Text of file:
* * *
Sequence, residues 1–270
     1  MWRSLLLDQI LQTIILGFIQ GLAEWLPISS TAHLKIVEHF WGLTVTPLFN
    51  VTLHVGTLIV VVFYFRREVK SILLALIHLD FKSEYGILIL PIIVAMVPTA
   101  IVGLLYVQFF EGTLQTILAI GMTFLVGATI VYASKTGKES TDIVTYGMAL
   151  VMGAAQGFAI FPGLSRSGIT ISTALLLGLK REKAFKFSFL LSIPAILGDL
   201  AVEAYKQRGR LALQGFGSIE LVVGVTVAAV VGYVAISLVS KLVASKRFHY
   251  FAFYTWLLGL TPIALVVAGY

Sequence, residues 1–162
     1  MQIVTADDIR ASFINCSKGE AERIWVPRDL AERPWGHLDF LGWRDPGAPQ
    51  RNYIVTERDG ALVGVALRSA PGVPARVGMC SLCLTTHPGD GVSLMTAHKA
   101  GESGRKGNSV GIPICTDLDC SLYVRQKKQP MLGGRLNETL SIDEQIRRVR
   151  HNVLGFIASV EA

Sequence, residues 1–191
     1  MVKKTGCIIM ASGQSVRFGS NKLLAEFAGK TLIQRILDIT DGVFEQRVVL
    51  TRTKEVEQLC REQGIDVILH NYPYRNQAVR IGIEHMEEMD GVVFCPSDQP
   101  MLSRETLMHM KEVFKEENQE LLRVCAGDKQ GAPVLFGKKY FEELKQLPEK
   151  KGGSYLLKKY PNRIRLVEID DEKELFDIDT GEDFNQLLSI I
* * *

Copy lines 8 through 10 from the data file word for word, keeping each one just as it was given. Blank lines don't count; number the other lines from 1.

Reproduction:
Sequence, residues 1–162
     1  MQIVTADDIR ASFINCSKGE AERIWVPRDL AERPWGHLDF LGWRDPGAPQ
    51  RNYIVTERDG ALVGVALRSA PGVPARVGMC SLCLTTHPGD GVSLMTAHKA